This woman is the personification of one of the most cosmopolitan cities in modern day China, where old tradition blends with Western culture. Douglas MacDiarmid‘s great friend Eric Grinda, a film maker who made a documentary on MacDiarmid’s life, work and beliefs called “A Stranger Everywhere’ in 2006, moved from Paris to Hong Kong a few years ago for work, and sent back a photo of the sweeping views of the harbour beyond his office balcony. Douglas recalls “in the photo I saw this woman’s head with a lock of hair falling forward.” The face is the outline of the harbour, her eyes are two islands just offshore. That lock of hair obscuring her face seals the inscrutability. “The head, for me, is the embodiment of Hong Kong — not quite Chinese, nor entirely European, and not someone to whom one would give implicit trust…but I mean, I played around with it.”
There are people who can never get enough of Hong Kong but it is not a place Douglas has ever warmed to. When he dropped in on his way to Japan in May 1967, he wrote to his parents: “Impressions of Japan encouraging. Mind you, anything at all would have seemed heaven sent after Hong Kong, which apart from its wonderful site is just a vile bazaar.” Hong Kong was then a British colony, with independence still three decades away. In his book it was a convenient plane stop, a good place to push past as quickly as possible. “Met up with friends in Hong Kong who took me about the place, and caught up on the politics of British corruption and Red China just over the border. And how Americans and their way of life are detested everywhere, as much for their unfortunate knack of bringing ‘aid’ that helps the rich grow richer so they can extort even more from the underdog,” he observed of the times.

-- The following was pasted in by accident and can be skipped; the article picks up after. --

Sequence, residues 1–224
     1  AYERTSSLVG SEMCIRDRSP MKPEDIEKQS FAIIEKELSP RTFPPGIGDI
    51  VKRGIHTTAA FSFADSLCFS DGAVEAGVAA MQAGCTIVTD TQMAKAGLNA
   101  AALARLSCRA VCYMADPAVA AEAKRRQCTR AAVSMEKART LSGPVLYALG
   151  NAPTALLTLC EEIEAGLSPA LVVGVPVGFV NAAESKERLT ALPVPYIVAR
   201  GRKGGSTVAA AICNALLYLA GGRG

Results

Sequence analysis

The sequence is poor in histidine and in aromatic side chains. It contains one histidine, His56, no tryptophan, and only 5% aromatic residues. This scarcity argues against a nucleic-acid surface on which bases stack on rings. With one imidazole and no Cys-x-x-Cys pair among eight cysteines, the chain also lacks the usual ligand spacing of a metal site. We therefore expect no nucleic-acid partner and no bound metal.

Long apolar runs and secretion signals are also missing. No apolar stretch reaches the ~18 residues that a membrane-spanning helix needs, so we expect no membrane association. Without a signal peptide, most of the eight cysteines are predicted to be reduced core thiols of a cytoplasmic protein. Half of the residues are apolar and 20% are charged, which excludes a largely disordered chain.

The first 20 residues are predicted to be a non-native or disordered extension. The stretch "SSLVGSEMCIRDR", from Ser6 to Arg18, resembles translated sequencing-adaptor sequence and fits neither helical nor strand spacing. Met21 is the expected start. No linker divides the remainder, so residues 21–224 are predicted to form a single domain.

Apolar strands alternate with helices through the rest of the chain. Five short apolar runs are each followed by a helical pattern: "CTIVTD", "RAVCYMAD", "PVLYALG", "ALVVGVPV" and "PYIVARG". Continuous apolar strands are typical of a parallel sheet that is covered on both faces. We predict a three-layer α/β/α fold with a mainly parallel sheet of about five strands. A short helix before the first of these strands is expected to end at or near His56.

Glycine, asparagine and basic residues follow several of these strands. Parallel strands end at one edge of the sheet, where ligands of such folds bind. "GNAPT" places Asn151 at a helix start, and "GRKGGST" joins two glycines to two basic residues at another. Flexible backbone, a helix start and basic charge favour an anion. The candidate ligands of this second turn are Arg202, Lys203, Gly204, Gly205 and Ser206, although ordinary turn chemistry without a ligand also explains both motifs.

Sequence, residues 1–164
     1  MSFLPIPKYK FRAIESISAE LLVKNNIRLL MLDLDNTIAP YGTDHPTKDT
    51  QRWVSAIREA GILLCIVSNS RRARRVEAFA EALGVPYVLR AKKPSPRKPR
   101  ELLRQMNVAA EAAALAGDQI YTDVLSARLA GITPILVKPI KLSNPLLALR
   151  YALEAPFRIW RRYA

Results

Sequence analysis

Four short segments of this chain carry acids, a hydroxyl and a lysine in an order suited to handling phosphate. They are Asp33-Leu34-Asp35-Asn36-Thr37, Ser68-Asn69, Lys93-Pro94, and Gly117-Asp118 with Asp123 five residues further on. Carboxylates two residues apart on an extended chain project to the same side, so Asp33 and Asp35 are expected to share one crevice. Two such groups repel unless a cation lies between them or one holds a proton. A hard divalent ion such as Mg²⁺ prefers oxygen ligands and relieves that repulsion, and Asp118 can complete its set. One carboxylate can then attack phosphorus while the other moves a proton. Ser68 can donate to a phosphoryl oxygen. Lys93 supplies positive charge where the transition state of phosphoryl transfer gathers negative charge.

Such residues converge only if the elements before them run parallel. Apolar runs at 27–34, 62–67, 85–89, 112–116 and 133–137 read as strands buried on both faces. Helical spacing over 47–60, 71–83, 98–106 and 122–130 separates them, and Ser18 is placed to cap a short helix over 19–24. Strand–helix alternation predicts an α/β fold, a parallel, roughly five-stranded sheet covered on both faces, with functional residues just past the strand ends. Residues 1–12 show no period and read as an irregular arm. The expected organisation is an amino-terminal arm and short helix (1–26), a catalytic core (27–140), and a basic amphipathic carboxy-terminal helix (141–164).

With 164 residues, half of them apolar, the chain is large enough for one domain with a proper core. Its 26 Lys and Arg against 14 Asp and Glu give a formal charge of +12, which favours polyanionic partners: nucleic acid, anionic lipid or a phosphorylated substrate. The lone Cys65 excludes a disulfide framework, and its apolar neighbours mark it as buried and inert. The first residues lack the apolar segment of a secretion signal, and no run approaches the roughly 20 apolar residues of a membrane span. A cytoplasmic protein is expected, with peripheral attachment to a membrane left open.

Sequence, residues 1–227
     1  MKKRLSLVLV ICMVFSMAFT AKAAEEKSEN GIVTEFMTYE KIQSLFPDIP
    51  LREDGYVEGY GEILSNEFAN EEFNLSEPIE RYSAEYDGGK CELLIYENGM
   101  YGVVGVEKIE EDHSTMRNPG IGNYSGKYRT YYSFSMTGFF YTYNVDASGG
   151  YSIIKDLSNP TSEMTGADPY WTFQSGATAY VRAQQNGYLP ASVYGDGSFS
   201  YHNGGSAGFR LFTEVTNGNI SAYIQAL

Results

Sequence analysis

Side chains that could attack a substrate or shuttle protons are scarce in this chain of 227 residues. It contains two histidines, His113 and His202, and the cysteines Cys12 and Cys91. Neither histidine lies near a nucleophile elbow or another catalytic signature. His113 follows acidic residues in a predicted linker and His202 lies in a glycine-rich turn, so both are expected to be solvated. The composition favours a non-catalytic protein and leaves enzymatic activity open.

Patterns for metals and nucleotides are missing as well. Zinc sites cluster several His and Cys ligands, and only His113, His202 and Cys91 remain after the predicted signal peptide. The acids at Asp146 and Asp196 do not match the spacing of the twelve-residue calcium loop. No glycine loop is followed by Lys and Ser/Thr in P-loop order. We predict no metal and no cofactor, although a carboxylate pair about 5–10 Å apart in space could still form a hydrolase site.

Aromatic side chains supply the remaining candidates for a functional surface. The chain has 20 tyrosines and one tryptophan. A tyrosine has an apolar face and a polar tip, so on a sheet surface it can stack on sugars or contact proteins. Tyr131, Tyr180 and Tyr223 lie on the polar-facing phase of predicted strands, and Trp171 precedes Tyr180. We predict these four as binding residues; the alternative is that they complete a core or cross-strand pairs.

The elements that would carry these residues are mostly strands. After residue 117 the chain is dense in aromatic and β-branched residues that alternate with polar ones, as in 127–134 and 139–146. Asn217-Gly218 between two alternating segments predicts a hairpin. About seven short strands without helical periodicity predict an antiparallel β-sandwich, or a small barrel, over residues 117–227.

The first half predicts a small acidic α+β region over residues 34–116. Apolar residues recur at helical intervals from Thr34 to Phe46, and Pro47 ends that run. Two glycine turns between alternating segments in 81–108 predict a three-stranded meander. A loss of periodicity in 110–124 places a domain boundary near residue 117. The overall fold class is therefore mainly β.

The painting made a welcome appearance at the one-night exhibition of favourite MacDiarmid paintings brought along by collectors to the Auckland launch of Douglas’ biography Colours of a Life: The life and times of Douglas MacDiarmid by Anna Cahill at the James Wallace Trust’s The Pah Homestead, Hillsborough on 18 July 2018.